However, experts agree that there is a difference between being topical and being opportunistic when it comes to driving sales.
When asked about an ad that he remembers for all the wrong reasons, Kamath points at the Ford ad, which showcased a caricature of Italy’s former Prime Minister Silvio Berlusconi with three tied-up women in the spacious trunk of a car. “It was created for awards and the creative team may have thought it was funny. The client, too, allowed it to be released, even if it didn’t conform to their brand values. However, the backlash was huge and the company had to apologise and withdraw the ad,” he said.
Ohri, on the other hand, calls out campaigns that prey on fear and insecurities. He says, “When brands are insincere about what they want to represent, there is a trust deficit. This is an opportunity for brands to come forth and build consumer trust. Being opportunistic is simply tasteless.”
“A brand could use a comedian’s humour in a campaign for commercial purposes or to win some award. However, that could backfire big time and harm the brand. So why do it? Why unnecessarily stoke a fire when there are so many other ways to create brand love and admiration amongst people?” asks Kamath.
Diversity, inclusivity to avoid negativity
A much-talked-about issue in advertising is the gender and diversity balance, and Kamath believes that could go a long way in correcting things.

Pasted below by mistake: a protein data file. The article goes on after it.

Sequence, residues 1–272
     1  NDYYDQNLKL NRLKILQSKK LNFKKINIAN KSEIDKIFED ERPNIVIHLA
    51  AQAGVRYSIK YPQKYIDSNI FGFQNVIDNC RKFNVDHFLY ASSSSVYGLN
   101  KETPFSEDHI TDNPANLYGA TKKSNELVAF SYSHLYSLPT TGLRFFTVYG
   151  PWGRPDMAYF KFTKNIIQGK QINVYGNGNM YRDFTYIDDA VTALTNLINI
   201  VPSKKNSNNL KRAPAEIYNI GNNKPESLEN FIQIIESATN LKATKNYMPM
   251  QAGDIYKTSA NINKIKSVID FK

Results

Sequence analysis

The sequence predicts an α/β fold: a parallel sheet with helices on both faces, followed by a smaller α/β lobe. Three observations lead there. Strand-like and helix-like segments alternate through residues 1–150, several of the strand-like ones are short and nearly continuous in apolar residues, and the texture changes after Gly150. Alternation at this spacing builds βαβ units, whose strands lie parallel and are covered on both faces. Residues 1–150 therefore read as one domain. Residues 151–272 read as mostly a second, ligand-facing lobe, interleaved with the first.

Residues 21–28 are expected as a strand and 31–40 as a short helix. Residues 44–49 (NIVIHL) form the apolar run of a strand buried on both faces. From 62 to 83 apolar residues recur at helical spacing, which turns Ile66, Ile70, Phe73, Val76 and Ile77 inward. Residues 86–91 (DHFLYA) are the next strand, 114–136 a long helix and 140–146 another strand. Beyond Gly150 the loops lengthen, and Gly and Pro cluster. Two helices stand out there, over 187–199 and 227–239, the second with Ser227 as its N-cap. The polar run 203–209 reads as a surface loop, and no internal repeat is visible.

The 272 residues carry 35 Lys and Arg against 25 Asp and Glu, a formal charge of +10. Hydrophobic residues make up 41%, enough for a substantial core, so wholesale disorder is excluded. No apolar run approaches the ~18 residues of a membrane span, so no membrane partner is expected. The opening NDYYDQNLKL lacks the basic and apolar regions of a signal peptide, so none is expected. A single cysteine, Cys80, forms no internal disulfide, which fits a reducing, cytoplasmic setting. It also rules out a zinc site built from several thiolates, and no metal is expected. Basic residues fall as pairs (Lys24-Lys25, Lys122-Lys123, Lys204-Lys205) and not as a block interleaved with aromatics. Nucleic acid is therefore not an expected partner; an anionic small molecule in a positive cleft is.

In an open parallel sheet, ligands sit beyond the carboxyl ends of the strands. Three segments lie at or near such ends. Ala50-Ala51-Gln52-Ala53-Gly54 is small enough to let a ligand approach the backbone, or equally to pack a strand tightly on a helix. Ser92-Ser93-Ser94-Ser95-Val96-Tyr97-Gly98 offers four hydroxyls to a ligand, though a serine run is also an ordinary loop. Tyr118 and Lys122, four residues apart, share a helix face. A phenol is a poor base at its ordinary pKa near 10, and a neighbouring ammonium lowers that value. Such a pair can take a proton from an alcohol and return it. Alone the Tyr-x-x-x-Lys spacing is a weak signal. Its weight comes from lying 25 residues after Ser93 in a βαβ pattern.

“Agencies should have a good gender and diversity balance amongst its talent pool. That in itself goes a long way in ensuring that people are sensitised to social issues, inclusivity, and how women are portrayed. It’s the responsibility of the senior people at the agency to make sure each campaign goes through an internal check or quality control.”
On the other hand, Ohri believes that if brands consider all issues, they will be left with a piece of communication that no one likes or understands. “If we have to do something against the grain of what we believe, we stand our ground and reject it. However, oftentimes there is a request from the client and in that case, we have a solid debate and do consumer checks that solve most of our issues,” he added.
Controversial logos and the role of design